BHL provided valuable assistance with our recent Austroplebeia revision. One of the most challenging tasks was matching the original type specimen of each described species with our recently collected materials. To do this, it was important to find out where each type specimen had been collected. For some type specimens the collection localities were quite vague. For instance, the recorded locality for the A. australis type was ‘Central Australia’, a huge area covering hundreds of square kilometres. So we searched exhaustively for clues in other old texts from the time, such as the 1891 account by Reverend Louis Schulze on Aboriginals of the Finke River area of Central Australia, archived by BHL [REF 8].  We concluded that the A. australis type was probably collected near the Central Australian Aboriginal mission of Hermannsburg.

The anatomical terminology required for the revision paper was another substantial challenge. I had to compile my own specialised glossary of stingless bee anatomical terms so that I could understand the technical descriptions of the early papers and correctly prepare revised descriptions. BHL provided valuable reference material for this task, including William Kirby’s 1826 glossary of anatomical terms [REF 9].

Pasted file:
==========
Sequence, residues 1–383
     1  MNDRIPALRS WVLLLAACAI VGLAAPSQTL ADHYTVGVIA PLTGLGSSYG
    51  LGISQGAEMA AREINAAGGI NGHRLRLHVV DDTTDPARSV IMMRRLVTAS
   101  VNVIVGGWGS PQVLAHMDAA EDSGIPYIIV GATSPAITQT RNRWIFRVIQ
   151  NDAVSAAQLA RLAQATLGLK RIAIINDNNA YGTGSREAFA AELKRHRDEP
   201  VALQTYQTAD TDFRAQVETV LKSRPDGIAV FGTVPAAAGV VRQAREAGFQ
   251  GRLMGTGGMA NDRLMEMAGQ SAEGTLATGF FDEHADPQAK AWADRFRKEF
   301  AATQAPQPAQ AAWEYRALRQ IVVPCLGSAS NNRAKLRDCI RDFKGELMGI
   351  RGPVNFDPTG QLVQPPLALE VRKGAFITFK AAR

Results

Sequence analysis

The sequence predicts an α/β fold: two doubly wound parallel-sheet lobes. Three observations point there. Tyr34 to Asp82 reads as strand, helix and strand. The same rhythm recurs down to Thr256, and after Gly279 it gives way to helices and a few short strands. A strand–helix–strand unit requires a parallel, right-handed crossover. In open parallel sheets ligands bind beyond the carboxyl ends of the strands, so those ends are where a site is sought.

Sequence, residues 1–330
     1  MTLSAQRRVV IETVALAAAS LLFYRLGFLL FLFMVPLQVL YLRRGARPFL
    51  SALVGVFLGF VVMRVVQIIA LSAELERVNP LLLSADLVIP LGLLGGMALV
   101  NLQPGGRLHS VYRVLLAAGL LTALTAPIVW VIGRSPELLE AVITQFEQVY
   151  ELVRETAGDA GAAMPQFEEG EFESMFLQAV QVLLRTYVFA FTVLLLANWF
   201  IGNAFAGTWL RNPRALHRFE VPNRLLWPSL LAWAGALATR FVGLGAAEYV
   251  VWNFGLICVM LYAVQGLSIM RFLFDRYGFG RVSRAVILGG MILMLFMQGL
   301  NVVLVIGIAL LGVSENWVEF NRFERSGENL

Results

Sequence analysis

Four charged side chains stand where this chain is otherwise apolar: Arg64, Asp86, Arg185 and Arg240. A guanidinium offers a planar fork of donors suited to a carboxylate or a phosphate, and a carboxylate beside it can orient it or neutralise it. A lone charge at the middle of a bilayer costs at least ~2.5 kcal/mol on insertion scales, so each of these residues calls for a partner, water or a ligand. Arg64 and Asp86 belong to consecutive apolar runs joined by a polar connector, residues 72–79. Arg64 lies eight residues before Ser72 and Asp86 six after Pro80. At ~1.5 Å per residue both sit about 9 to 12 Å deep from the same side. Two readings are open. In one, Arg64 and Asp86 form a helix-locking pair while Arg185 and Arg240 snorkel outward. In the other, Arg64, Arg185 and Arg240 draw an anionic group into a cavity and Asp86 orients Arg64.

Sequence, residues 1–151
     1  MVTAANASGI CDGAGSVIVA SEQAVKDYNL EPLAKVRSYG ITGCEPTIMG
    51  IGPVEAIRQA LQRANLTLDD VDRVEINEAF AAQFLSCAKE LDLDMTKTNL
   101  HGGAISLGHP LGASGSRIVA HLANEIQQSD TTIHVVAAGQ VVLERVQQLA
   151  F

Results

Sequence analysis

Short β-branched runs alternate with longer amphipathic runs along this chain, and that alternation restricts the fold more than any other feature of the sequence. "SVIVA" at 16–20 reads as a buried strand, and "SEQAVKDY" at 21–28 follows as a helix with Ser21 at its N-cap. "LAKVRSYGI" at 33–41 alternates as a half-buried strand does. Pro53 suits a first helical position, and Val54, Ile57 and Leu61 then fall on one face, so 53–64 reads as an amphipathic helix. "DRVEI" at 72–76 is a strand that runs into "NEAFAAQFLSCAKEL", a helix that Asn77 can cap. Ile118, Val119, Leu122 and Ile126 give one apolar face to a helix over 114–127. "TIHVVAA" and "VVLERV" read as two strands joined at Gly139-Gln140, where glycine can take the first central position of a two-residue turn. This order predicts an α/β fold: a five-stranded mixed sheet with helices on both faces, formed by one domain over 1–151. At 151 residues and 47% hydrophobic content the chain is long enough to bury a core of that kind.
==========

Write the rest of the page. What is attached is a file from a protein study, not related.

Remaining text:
I am an independent self-funded researcher located over 80km from the nearest major research library that holds archival material of this type. Being able to browse, study and download these publications on my own computer in my research centre whenever I needed them, rather than travel long distances to a library, greatly facilitated my work.

In addition to our taxonomic work, Les and I have also created Aussie Bee, Australia’s largest website on native bees. The photographs, videos and articles presented on Aussie Bee showcase Australian native bees and help raise public awareness of these vital pollinators. The stories of early exploration and discovery connected with our Australian native bees help engage and maintain public interest in these species. We thank BHL for the fascinating material that we have found in their archives so far and look forward to exploring BHL’s archives further as we continue to unravel the secrets of Australian native bees.



This post may contain the personal opinions of BHL users or affiliated staff and does not necessarily represent the official Biodiversity Heritage Library (BHL) position on these matters.

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Anne Dollin is the Co-founder of the Australian Native Bee Research Centre in North Richmond NSW Australia.